Since late 12th century Gola Ghat was used as a ferry point and was known for a number of granaries (gola), from where the name derived. However, after opening the bridge at Raj Ghat in 1887 the site lost its importance. In course of time the ghat became deserted. The Muncipal Corporation, with the support of irrigation department of the government of Uttar Pradesh, has renovated and built this ghat pucca in 1988. At this ghat there is existence of puranic water-front sacred spot, viz. Pishegila Tirtha. This ghat has no cultural and religious importance. Portion of this ghat is used by washermen for cleaning the cloths.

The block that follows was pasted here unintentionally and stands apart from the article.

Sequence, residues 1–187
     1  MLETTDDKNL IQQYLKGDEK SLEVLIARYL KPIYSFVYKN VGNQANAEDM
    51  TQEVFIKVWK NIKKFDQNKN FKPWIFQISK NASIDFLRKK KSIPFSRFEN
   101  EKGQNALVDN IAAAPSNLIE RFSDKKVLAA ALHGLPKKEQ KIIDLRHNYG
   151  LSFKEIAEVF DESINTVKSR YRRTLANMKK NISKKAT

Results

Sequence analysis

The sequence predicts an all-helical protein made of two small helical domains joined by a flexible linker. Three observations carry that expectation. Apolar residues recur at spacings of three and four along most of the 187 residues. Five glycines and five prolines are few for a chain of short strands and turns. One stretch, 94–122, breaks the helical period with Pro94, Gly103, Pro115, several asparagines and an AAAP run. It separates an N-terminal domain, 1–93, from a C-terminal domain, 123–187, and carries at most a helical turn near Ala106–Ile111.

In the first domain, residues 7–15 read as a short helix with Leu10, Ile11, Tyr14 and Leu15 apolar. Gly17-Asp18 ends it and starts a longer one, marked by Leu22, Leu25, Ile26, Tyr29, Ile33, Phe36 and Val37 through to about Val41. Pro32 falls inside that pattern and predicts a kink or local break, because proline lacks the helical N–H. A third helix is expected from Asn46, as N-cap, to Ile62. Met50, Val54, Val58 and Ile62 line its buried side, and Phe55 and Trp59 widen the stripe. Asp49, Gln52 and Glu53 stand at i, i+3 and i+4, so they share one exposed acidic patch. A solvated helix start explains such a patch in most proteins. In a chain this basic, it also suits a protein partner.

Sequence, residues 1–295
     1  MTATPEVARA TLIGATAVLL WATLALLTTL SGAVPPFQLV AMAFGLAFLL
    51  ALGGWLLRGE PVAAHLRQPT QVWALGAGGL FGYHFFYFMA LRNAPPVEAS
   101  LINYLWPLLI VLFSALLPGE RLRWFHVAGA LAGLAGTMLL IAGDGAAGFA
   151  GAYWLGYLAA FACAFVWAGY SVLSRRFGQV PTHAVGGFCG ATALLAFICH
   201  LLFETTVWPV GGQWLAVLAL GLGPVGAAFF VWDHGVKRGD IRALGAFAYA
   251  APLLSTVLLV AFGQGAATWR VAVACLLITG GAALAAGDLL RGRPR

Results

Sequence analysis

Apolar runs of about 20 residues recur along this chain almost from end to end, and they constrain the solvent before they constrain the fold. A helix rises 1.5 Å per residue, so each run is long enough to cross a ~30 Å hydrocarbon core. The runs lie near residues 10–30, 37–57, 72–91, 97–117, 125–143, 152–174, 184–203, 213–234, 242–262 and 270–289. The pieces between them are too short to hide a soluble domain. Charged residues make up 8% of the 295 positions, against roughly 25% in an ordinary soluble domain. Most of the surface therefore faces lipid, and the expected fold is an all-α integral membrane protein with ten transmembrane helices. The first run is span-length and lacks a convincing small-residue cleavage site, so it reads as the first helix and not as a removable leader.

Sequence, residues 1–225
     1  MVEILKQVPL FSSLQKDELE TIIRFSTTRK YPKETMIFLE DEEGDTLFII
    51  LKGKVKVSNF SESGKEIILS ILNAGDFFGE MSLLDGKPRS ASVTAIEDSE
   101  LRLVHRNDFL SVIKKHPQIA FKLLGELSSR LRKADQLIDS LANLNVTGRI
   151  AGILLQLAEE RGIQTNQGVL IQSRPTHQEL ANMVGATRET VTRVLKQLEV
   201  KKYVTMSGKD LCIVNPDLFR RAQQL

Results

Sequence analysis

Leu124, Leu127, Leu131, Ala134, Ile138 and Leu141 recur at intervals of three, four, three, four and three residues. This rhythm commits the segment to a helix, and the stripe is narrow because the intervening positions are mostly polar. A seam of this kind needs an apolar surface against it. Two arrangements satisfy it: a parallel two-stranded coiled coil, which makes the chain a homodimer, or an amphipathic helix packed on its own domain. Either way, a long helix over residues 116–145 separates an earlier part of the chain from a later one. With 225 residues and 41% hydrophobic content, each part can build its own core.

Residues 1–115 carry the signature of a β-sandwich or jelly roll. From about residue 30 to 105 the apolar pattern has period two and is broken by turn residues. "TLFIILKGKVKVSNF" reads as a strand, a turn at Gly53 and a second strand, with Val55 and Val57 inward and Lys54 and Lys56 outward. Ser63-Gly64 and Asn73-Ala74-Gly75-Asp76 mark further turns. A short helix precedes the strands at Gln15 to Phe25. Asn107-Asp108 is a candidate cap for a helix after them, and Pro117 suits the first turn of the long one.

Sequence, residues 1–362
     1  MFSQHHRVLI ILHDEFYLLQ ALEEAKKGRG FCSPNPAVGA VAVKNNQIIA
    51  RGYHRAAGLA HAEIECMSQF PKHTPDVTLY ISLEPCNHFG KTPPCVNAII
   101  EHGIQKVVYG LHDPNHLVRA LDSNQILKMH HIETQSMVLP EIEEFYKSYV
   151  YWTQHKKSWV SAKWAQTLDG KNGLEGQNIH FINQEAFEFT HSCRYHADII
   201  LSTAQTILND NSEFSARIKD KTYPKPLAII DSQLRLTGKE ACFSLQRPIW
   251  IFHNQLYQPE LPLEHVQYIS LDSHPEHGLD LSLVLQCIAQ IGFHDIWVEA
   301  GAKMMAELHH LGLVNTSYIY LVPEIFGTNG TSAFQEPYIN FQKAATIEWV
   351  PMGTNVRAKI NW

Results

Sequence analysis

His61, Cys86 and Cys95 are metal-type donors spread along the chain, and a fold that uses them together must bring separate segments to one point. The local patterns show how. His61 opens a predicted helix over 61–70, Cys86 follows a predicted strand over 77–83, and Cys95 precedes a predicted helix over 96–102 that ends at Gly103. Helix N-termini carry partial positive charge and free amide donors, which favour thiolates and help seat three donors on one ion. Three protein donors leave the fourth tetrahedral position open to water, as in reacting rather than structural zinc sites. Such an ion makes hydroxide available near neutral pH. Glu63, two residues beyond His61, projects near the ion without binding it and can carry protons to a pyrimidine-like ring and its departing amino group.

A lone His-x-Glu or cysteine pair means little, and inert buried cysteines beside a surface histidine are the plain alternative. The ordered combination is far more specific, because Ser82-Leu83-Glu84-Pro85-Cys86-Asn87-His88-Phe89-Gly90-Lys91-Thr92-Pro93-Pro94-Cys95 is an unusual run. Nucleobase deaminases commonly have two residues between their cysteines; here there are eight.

At this ghat, in the upper part there is a temple of Nandishvara. As a mark of respect the local residents with their collective efforts built this temple in the early 19th century. One portion of it was built pucca by Dvarikanath Chakravorty (of Bhavanipur, West Bengal) in 1940; who has also constructed a mansion (A 4/ 13). There are stone steps from the bank to the upper part, and in way to the right side on a platform there is a complex of several small shrines and temples, which also includes a shrine of Bhrigu Keshav (Vishnu). In 1988 the irrigation department of the government of Uttar Pradesh has made this ghat pucca. In the recent past a wrestling site (akhara), named Nanishvara Akhara has also been opened where one can get training of Indian style of wrestling and art of body-making. The ghat area is occupied by basket and pole makers, a professional caste considered low in hierarchy.